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Securing the Map

We’ve come to the end of the project as far as the design and construction goes. The final step is to add encryption, or security, to the map. Amanda worked long and hard to create an attractive presentation for her Web site, and it’s a good idea to add a security policy to protect her work from users who might want to copy, print, or extract from the map.

There are several ways to add security, ranging from a simple password, to certificate encryption (described in Chapter 14), to server-based policies using third-party servers. In this case, Amanda will add a simple password to protect the document. The other forms of security are used for information exchange within a specified group of users and are not intended to protect content accessible to many anonymous users, such as visitors to her Web site.

You can work through several windows in Acrobat to apply different types of security. Let’s follow the simple route and use the Document Properties dialog to add a simple password.

Follow these steps to apply security by way of a password:

Choose File > Document Properties to open the Document Properties dialog, and then select the Security tab.

Click the Security Method pull-down arrow and choose Password Security from the list (Figure 4.29). The Password Security-Settings dialog opens.

Figure 4.29. Select the type of security to add to the document.

Choose “Acrobat 6.0 and higher” from the Compatibility pull-down list; a set of radio buttons become active.

Click the “Encrypt all document contents except metadata (Acrobat 6 and later compatible)” radio button.

Click “Use a password to restrict printing and editing of the document and its security settings.” The Permissions Password field becomes active.

Type a password in the Permissions Password field. You can click the Printing Allowed and Changes Allowed pull-down arrows and select options from these lists; in this case, however, neither printing nor changes are allowed.

Click OK to close the dialog. A message displays describing the effect of third-party security products; click OK to dismiss the message.

A Confirm Permissions Password dialog opens; type the password in the Permissions Password field to verify the password and click OK. You return to the Document Properties dialog.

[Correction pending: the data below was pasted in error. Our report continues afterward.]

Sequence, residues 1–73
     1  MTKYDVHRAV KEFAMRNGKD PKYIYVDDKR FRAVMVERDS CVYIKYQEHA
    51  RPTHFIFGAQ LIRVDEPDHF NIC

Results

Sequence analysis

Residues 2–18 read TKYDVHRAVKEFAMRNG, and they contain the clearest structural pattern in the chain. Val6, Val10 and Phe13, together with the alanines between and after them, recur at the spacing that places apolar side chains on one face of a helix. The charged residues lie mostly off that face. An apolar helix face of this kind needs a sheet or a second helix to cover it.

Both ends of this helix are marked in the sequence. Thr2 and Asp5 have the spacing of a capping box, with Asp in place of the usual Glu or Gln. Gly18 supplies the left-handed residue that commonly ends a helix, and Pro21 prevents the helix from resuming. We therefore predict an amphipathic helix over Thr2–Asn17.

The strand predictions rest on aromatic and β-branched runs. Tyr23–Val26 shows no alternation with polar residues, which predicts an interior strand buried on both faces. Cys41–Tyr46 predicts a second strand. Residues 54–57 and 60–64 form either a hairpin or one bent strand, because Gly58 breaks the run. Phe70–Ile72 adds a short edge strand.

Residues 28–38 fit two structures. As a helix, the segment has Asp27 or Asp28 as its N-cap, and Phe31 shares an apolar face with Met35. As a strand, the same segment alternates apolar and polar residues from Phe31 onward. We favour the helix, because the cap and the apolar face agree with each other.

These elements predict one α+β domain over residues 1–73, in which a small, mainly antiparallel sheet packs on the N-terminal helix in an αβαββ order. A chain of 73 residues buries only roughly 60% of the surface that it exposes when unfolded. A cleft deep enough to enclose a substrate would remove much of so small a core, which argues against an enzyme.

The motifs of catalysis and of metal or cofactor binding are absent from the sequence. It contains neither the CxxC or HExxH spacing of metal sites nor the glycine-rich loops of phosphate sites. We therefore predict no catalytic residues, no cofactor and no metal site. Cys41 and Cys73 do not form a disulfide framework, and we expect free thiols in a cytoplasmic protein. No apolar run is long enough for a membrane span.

Click OK to close the Document Properties dialog. You see one more message dialog, this time telling you to save the document in order to save the security settings. Click OK to dismiss the message and return to the program.

Don’t forget to save the document. And save it with an alternate name to make future work simpler. That is, if you save a copy of the original with security settings, you can use that on a Web page. If you need to make changes to the document, it’s simpler to reuse the original and save it with security than it is to remove security, make changes, and then reapply security again.

Finally, to test the document, close it and then reopen it. You’ll notice that many of the commands and tools are now inactive, based on the security settings selected. You won’t be able to save or print the document, for example, nor can you use any of the editing tools. You’ll also see a security icon at the lower left of the program window, indicating that security has been applied to the document. Move your pointer over the security icon to display a tooltip explaining the document’s protection (Figure 4.30).

Figure 4.30. A secure document displays an icon and messages on the program window.

Choosing a Compatibility Version

You have to balance what you want to protect in a document against both its intended use and the likely audience. You can choose from Acrobat version 3.0 through version 7.0 compatibility: Each version has different security capabilities. In this project, using the Acrobat 6.0 compatibility option means that the document’s content is encrypted but that its metadata (the information about the data the document contains) can still be accessed by search engines. This option is important for Amanda since her document is intended for online use on her commercial Web site.

Based on the versions of Acrobat Reader and Adobe Reader in use today, Acrobat 3.0– compatible documents can be viewed by the most users, Acrobat 7.0–compatible documents by the least number of viewers.

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